Capitol chaos blowing over?

Jeremy M. Lazarus | 2/15/2019, 6 a.m.
The storm over the State Capitol appears to be easing up — for now.

For example, a small group of African-American clergy and leaders of political groups went to the Capitol on Monday to show their support for the governor remaining in office.

While dozens of protesters from Richmond to Charlottesville gathered Wednesday evening outside the Capitol to call for a “Ralph Must Resign” protest, in barbershops and beauty salons around Richmond, there is little such talk.

“We are all sinners,” said James E. Henson Jr., a printing business owner, who also sees no need for the governor to resign. “We all are in need of forgiveness.”

Already, some of Gov. Northam’s critics are discussing how to work with him, including the 21-member Virginia Legislative Black Caucus. Its chairman, Henrico County Delegate Lamont Bagby, has begun talking about the Caucus working with the governor without rescinding its resignation call.

Mr. Herring, who issued a public statement about his past, has largely become the forgotten man. He is planning to run for governor in 2021, and for now has largely kept out of sight and mostly been left unscathed.

Lt. Gov. Fairfax’s troubles began Feb. 3, when the conservative political blog Big League Politics, which had sent out the explosive blackface photo involving Gov. Northam, released a screenshot of a Facebook post in which California university professor Vanessa Tyson alleged that the lieutenant governor assaulted her in 2004 when they both attended the Democratic National Convention.

Lt. Gov. Fairfax was dealing with Dr. Tyson’s allegation when he was hit with a second accusation Friday, Feb. 8, this time from Meredith Watson, a former student at Duke University, who publicly alleged that he raped her in 2000 while they were both undergraduates.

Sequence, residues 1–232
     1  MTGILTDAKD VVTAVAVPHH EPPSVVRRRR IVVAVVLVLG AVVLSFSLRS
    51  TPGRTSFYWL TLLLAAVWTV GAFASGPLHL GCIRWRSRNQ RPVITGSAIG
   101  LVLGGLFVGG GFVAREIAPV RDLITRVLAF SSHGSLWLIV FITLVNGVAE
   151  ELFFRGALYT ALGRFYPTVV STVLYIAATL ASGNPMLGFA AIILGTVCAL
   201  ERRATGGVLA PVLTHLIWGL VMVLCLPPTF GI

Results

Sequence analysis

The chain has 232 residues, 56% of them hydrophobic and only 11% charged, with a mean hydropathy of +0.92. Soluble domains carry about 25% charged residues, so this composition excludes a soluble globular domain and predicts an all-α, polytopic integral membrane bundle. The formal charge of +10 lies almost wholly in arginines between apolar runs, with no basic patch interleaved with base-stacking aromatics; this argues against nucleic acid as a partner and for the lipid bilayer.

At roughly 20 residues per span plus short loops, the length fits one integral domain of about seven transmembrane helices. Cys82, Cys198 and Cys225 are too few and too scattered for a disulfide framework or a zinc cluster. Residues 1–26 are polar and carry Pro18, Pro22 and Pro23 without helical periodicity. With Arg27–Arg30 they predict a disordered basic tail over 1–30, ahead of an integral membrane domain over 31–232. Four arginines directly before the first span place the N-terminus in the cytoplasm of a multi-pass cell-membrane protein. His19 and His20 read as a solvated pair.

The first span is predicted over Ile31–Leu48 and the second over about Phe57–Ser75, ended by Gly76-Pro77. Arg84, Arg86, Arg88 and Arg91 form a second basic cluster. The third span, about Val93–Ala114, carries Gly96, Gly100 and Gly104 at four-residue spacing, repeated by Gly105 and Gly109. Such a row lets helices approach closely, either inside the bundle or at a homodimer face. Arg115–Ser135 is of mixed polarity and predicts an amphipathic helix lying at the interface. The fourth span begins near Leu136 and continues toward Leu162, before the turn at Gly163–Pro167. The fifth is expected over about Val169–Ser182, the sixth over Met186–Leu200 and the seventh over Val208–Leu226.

Lt. Gov. Fairfax has repeatedly stated that the sexual encounters with both women were consensual.

While the Virginia legislature has not come up with a way yet to deal with the information, Lt. Gov. Fairfax could face legal problems if prosecutors in Boston or in Durham, N.C., investigate and believe they could make a case. There is no statute of limitations on rape in North Carolina and the statute of limitations has not expired in Massachusetts.

At this point, most people, including African-Americans, have called for no rush to judgment of Lt. Gov. Fairfax, instead urging that both women and the lieutenant governor be given the opportunity to tell their stories during an investigation and reminding that people are considered innocent until proven guilty.

On Wednesday, reports began surfacing that Dr. Tyson planned to speak with Boston prosecutors.

Statement on behalf of Meredith Watson, second Fairfax accuser Released Friday, Feb. 8

We serve as counsel for Meredith Watson, who was raped by Justin Fairfax in 2000 while they were students at Duke University. Mr. Fairfax’s attack was premeditated and aggressive. The two were friends but never dated or had any romantic relationship.

Ms. Watson shared her account of the rape with friends in a series of emails and Facebook messages that are now in our possession. Additionally, we have statements from former classmates corroborating that Ms. Watson immediately told friends that Mr. Fairfax had raped her.